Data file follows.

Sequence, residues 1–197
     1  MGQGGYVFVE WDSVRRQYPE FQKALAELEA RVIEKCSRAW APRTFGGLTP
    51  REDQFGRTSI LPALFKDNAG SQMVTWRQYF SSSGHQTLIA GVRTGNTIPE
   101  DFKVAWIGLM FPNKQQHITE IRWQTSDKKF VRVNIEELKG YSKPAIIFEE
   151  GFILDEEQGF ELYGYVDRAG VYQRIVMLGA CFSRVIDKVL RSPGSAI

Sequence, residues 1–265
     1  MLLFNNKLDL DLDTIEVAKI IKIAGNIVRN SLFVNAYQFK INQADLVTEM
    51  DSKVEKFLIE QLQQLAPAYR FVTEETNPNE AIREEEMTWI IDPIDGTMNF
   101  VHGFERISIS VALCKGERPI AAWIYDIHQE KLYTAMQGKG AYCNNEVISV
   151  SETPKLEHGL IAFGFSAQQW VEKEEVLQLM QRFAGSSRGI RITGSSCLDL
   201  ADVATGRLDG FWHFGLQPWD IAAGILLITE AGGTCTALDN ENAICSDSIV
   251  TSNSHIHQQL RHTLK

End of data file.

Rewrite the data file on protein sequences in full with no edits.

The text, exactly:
Sequence, residues 1–197
     1  MGQGGYVFVE WDSVRRQYPE FQKALAELEA RVIEKCSRAW APRTFGGLTP
    51  REDQFGRTSI LPALFKDNAG SQMVTWRQYF SSSGHQTLIA GVRTGNTIPE
   101  DFKVAWIGLM FPNKQQHITE IRWQTSDKKF VRVNIEELKG YSKPAIIFEE
   151  GFILDEEQGF ELYGYVDRAG VYQRIVMLGA CFSRVIDKVL RSPGSAI

Sequence, residues 1–265
     1  MLLFNNKLDL DLDTIEVAKI IKIAGNIVRN SLFVNAYQFK INQADLVTEM
    51  DSKVEKFLIE QLQQLAPAYR FVTEETNPNE AIREEEMTWI IDPIDGTMNF
   101  VHGFERISIS VALCKGERPI AAWIYDIHQE KLYTAMQGKG AYCNNEVISV
   151  SETPKLEHGL IAFGFSAQQW VEKEEVLQLM QRFAGSSRGI RITGSSCLDL
   201  ADVATGRLDG FWHFGLQPWD IAAGILLITE AGGTCTALDN ENAICSDSIV
   251  TSNSHIHQQL RHTLK